3. Whatever the immediate and transient outcome of the recent conflict it is difficult to imagine Israeli leadership and a sizable portion of the population seek to render a two-state solution impossible although they have no clear view of what should happen to the Palestinians. But no substantively meaningful concessions. And neither the United State nor any combination of international actors have the political will to assure a just solution. Unfortunately the only recourse for the Palestinians, a terrible and dangerous option solution, is to opt for the creation of weapons of mass destruction capable of exacting a toll so great Israel will have no option but to reach a just peace. Tiny rockets and modest tunnels are nowhere near enough. Israeli insistence on taking the entire loaf leaves a starving people few options.

    • Actually, for the first time Gazan militants were able to inflict sizeable numbers of casualties upon IDF soldiers during a ground invasion – 66 killed in action. The IDF eventually withdrew from Gaza – despite initial indications they were going to leave behind a “security belt”.

      If and when Gazan militants acquire an anti-aircraft and anti-ship missile capability – as Hezbollah did in Lebanon – they shall be in a better situation to establish a deterrent against violations of their airspace and sea by Israel.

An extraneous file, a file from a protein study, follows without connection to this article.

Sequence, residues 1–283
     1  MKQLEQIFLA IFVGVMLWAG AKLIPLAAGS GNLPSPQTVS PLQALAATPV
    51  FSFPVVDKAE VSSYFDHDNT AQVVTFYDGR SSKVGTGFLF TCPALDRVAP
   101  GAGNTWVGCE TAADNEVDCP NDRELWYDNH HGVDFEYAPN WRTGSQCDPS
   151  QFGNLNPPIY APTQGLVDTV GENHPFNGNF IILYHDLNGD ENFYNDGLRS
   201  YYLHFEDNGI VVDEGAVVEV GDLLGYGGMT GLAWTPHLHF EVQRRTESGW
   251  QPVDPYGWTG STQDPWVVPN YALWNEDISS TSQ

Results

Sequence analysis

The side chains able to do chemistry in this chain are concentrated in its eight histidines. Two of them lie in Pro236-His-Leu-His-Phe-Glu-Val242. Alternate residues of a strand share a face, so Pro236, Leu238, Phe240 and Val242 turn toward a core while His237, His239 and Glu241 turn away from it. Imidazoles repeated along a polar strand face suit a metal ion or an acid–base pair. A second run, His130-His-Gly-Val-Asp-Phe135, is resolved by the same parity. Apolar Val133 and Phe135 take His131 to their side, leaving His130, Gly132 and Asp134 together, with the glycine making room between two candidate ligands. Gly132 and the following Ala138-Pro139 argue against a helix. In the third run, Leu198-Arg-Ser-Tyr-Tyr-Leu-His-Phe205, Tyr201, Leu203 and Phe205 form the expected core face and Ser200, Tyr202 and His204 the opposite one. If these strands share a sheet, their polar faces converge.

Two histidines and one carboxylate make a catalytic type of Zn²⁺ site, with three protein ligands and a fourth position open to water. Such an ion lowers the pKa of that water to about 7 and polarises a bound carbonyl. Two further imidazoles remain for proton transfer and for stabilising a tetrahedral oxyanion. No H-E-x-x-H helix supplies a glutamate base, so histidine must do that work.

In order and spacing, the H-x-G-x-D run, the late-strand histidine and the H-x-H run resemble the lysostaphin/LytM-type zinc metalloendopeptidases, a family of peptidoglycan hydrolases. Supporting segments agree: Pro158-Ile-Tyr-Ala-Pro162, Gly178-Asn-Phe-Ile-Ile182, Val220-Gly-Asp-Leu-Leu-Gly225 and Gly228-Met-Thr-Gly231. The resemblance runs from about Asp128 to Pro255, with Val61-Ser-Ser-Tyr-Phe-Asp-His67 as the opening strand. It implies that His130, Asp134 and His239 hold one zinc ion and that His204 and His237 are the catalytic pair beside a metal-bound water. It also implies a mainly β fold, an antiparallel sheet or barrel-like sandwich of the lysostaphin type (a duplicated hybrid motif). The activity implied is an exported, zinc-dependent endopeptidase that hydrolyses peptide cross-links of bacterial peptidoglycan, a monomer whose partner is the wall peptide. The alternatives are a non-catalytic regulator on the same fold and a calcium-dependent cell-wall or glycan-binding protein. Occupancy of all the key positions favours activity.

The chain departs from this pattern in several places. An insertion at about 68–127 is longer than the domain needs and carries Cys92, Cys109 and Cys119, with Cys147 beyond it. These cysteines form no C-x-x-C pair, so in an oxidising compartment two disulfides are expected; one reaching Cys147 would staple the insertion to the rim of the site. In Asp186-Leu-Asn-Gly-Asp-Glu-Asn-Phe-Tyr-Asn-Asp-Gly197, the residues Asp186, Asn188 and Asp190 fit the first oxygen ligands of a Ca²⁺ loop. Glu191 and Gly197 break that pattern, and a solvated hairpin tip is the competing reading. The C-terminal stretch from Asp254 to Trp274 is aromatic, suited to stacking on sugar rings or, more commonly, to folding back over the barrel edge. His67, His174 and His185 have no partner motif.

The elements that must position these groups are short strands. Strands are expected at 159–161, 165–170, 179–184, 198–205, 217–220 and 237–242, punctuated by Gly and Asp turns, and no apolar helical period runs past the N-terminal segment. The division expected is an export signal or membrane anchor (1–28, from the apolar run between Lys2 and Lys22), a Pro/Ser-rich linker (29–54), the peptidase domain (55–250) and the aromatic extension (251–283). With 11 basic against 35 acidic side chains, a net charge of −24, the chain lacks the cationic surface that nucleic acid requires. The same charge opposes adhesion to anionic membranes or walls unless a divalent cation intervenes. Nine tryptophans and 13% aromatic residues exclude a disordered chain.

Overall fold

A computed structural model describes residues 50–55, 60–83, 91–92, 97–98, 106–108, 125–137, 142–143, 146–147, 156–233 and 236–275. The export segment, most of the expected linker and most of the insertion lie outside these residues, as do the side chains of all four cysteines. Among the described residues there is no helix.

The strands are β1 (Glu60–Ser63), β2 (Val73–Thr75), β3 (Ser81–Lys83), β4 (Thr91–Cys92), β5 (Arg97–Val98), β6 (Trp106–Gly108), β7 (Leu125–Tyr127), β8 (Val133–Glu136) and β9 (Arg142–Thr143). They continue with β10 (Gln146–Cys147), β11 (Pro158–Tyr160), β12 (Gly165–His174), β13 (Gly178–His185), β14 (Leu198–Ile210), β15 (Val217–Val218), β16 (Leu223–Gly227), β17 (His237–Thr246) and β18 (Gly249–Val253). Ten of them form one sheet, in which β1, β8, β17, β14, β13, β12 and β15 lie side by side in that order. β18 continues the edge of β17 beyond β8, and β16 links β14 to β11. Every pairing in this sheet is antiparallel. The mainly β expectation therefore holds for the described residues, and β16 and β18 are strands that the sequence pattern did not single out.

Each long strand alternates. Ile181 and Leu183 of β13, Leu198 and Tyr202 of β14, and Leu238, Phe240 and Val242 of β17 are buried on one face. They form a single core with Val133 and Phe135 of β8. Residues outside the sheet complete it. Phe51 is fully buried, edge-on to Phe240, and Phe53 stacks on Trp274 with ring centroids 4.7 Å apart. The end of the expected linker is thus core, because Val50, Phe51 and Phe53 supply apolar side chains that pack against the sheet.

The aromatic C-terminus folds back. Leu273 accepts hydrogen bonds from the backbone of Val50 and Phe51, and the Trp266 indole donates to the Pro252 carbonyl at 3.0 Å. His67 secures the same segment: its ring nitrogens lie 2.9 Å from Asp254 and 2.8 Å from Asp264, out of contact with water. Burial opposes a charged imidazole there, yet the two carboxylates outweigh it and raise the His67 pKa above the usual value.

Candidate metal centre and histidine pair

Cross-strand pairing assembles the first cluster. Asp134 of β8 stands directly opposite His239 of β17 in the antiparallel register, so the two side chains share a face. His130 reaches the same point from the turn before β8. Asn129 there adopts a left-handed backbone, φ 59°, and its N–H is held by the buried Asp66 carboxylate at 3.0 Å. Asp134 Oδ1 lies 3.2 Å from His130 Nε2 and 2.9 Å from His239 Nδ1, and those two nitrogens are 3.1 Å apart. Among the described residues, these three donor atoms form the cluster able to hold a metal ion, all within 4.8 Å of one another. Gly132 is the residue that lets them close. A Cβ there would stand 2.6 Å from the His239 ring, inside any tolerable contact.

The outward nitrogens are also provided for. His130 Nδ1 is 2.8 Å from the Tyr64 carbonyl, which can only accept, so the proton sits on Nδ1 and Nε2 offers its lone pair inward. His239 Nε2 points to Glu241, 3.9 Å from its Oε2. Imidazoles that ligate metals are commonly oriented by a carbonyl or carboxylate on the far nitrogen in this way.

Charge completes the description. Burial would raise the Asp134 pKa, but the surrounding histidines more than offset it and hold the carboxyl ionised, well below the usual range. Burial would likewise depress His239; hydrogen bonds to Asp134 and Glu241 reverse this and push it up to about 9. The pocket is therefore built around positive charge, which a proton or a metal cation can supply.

4. I agree with the three commentators Granquist, Koroi and L. The two-state solution is dead. There is in place a one-state solution that will eventually be recognised, but what will Israel then do about the millions of Arabs now natives of the Israeli State? Will it maintain a Northern Ireland or Apartheid South Africa situation with those of the wrong religion kept out of the formal economy, kept poor and ignorant (and angry). Do you want to live in gated communities with dogs and barbed wire as the South Africans ended up doing? Or in a state of permanent civil war as the peoples of Ulster did? Seems a sad outcome for Zionism. Intelligent Israelis have to start thinking and moving now before they lose Abbas as a political partner.